A study commissioned by the Australian Research Data Commons (ARDC) has identified clear public value delivered through research data, including life-saving treatments, more efficient business and government services, more effective environmental practices and improved educational outcomes. Findings from the research show that many of the positive benefits generated by research could only be developed with research data. The direct benefits of research data are most commonly used by professionals, government, policymakers, and industry. These benefits are in turn shared more widely in the form of improved public services, consumer products and healthcare, to name just a few of the many identified impacts.
This new study shows that research data alone is not sufficient to create positive impacts. Strong interventions such as analysis, curation and product development are required to leverage the broader value of data for business, government, professional services and direct use by the public. These value enhancement activities bridge the gap between research data – which might otherwise go unused – and the diverse range of potential benefits for the society and economy that those data can deliver.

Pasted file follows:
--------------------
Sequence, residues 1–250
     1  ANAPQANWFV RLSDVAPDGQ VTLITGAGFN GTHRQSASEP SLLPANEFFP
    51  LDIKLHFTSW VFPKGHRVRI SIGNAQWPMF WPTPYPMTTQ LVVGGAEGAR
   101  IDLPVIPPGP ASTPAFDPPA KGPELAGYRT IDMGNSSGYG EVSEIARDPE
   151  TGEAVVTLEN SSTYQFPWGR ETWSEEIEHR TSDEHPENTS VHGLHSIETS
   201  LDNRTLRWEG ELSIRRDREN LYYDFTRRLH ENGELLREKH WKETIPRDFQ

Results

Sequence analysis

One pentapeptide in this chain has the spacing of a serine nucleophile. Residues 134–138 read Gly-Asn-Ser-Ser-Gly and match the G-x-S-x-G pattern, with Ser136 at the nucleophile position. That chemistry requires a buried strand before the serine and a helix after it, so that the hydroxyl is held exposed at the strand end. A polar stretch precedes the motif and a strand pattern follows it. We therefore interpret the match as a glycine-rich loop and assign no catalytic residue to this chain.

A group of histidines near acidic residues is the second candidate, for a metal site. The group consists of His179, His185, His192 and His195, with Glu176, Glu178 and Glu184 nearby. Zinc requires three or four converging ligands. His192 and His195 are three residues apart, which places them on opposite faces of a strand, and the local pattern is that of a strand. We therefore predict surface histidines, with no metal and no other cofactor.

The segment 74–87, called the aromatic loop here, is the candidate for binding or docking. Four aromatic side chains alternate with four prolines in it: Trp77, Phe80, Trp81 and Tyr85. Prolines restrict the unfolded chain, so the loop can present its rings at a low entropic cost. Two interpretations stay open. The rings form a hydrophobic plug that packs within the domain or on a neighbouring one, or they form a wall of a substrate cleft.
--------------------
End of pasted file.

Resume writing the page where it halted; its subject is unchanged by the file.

The study also shows the importance of active planning, coordination and collaboration between researchers and other organisations to achieve impact through research data. Specifically, closer links between universities, government, and business are needed to realise the benefit of research data as a managed and shared resource across sectors.
In 2019, the ARDC commissioned the Institute for Methods Innovation to investigate how research data contributes to non-academic impacts, that is, social, economic, environmental, cultural, health and other benefits beyond academia. This is an ongoing collaboration between the ARDC, the Australian Research Council, the National Health and Medical Research Council, the Department of Education (NCRIS Program), and the Australian Data Archive. In the first phase of this work, impact case studies from the UK’s Research Excellence Framework (REF) were used to test and refine the underlying analytical method. In the second phase, Australian case studies drawn from the ARC Engagement and Impact Assessment will be used to investigate how Australian research data in particular has contributed to impact.
The report and the underlying data of the first phase of this work are available here. This work is of interest to those who could work with and use research data to develop positive social, economic, environmental, cultural and health impacts. It is also of direct relevance to those with responsibilities in institutional and government research data strategy and policy, research impact management, and research data management and operation. In sum, the research highlights the pathways to develop even more public benefits from research data.